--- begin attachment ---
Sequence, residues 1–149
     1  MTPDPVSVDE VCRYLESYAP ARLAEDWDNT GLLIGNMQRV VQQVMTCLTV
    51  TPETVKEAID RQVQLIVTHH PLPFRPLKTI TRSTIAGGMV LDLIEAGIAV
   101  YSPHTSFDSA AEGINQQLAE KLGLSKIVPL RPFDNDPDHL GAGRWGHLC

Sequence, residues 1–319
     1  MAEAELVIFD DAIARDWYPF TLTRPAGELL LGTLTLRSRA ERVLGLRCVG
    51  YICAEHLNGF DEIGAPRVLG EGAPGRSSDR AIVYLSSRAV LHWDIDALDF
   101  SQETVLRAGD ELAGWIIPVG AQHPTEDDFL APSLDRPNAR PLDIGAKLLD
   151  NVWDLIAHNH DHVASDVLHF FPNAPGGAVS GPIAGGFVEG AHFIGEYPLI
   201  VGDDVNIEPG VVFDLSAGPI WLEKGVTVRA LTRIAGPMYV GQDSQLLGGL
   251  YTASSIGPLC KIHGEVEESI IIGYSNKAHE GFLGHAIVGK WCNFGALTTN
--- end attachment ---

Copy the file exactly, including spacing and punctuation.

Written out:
Sequence, residues 1–149
     1  MTPDPVSVDE VCRYLESYAP ARLAEDWDNT GLLIGNMQRV VQQVMTCLTV
    51  TPETVKEAID RQVQLIVTHH PLPFRPLKTI TRSTIAGGMV LDLIEAGIAV
   101  YSPHTSFDSA AEGINQQLAE KLGLSKIVPL RPFDNDPDHL GAGRWGHLC

Sequence, residues 1–319
     1  MAEAELVIFD DAIARDWYPF TLTRPAGELL LGTLTLRSRA ERVLGLRCVG
    51  YICAEHLNGF DEIGAPRVLG EGAPGRSSDR AIVYLSSRAV LHWDIDALDF
   101  SQETVLRAGD ELAGWIIPVG AQHPTEDDFL APSLDRPNAR PLDIGAKLLD
   151  NVWDLIAHNH DHVASDVLHF FPNAPGGAVS GPIAGGFVEG AHFIGEYPLI
   201  VGDDVNIEPG VVFDLSAGPI WLEKGVTVRA LTRIAGPMYV GQDSQLLGGL
   251  YTASSIGPLC KIHGEVEESI IIGYSNKAHE GFLGHAIVGK WCNFGALTTN